- You'll need to lift a credit freeze to apply for certain jobs that require a credit check.
- Unfreezing your credit takes time. It can take between one hour and a few days to thaw your credit.
- In cases where criminals already have access to your account (like when you've had your bank login information stolen by hackers), a credit freeze won't protect you.
Note: You cannot freeze and lock your credit report at the same time. If you want to lock your credit and the file is frozen, you'll need to thaw your accounts first. Only then you can use a credit locking service.
Can a credit freeze hurt your credit score?
Placing a freeze on your credit does not impact your credit score, but it'll stop credit bureaus from calculating your scores until you lift the freeze.
When Should You Use a Fraud Alert Instead?
Enabling fraud alerts is another way to protect your credit. A fraud alert places a warning on your credit file that informs creditors they should verify your identity — for example, by calling you on the phone — before opening new credit.
To put a fraud alert in place, you only need to contact one of the three major credit bureaus. By law, they need to inform the other two of your fraud alert.
There are three types of fraud alerts you can ask for:
- Initial fraud alerts last for one year and can be renewed every year thereafter.
- Extended fraud alerts last for seven years. To ask for you, you’ll have to prove that your identity has been compromised (for example, with an FTC report).
- Active duty alerts are for service members. They last one year and can be renewed for as long as you’re on deployment.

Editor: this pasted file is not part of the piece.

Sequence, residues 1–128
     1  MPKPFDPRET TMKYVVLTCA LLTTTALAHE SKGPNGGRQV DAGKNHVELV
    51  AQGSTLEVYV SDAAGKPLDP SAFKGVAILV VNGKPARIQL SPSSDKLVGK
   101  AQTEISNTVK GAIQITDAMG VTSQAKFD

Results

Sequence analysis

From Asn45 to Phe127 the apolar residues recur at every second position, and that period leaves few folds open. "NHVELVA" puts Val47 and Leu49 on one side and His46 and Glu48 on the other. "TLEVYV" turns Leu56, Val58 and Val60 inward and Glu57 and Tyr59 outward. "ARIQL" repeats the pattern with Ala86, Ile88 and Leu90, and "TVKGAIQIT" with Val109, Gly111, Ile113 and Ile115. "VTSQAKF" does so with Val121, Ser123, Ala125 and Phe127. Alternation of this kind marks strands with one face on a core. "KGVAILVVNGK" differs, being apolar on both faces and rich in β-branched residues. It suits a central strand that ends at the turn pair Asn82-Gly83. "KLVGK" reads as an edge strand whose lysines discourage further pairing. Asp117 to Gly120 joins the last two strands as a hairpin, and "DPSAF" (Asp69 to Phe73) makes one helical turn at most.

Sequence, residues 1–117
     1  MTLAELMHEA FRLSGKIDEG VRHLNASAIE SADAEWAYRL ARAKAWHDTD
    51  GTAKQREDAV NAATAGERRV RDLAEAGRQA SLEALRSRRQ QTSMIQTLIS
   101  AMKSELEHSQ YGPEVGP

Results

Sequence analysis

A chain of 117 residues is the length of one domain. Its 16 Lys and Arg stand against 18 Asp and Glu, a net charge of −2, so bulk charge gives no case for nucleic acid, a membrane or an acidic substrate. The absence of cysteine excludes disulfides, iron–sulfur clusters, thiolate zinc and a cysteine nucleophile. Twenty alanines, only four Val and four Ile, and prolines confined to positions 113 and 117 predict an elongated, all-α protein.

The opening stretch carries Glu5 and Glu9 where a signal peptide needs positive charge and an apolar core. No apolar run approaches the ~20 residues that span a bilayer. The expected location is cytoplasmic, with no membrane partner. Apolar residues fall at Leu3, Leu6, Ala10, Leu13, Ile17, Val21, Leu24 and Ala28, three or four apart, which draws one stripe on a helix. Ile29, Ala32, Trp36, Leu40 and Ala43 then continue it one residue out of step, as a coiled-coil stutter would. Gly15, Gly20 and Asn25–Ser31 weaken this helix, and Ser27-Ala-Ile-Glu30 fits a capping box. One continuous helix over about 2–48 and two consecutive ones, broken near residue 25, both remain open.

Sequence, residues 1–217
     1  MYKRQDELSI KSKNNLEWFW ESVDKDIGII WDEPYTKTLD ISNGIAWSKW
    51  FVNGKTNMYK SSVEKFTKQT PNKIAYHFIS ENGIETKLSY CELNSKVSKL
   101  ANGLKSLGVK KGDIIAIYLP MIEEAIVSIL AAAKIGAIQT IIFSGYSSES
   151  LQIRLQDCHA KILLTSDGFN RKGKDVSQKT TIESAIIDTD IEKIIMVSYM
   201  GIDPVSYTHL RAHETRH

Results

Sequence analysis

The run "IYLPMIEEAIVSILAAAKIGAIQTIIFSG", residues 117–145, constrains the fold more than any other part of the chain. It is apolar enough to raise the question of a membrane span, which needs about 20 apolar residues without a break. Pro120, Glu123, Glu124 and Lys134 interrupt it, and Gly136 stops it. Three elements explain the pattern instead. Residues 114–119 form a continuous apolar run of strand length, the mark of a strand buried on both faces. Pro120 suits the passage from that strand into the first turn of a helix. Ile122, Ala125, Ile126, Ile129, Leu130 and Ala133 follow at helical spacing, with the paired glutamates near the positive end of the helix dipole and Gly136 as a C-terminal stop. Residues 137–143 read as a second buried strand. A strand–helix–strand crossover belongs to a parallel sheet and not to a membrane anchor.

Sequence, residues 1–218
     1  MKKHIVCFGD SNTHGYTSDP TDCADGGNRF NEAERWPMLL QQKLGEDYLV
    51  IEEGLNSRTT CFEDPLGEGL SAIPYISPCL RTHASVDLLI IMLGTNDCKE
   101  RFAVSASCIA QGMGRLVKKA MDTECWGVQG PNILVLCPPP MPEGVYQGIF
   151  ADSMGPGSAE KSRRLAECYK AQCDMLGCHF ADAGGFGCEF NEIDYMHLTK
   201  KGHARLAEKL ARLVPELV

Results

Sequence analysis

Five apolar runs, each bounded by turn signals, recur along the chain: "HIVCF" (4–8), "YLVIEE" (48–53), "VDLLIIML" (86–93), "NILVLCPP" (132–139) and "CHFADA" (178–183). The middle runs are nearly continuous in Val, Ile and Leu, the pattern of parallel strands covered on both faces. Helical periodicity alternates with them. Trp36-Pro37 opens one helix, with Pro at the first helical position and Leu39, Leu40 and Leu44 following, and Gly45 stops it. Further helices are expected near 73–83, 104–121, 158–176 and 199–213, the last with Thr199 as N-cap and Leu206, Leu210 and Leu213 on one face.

Fraud alerts give you more flexibility as you’ll still be able to apply for credit. However, this makes them less secure than a credit freeze or lock.
💡 Related: Fraud Alert vs. Credit Freeze — Which Is Better? →
The Bottom Line: The Choice Comes Down To Cost and Convenience
Choosing between a credit lock or a credit freeze comes down to two factors: cost and convenience.
- Credit locks are more convenient, but are not free of cost. With just a tap or click, you can lock your credit. But services like Experian charge you $24.99 per month. That's why you should try Aura instead, since pricing starts at $12 per month.
- Credit freezes are free, but take more time. Credit freezes require more steps and take longer to activate and deactivate. However, freezes are free thanks to the Federal Trade Commission (FTC).What's the main difference?
While it can be hard to justify paying for a digital security solution, proactively protecting yourself from digital threats can save you in the long run. For the peace of mind of instant credit lock, three-bureau credit monitoring, and award-winning identity theft protection, consider signing up for Aura today.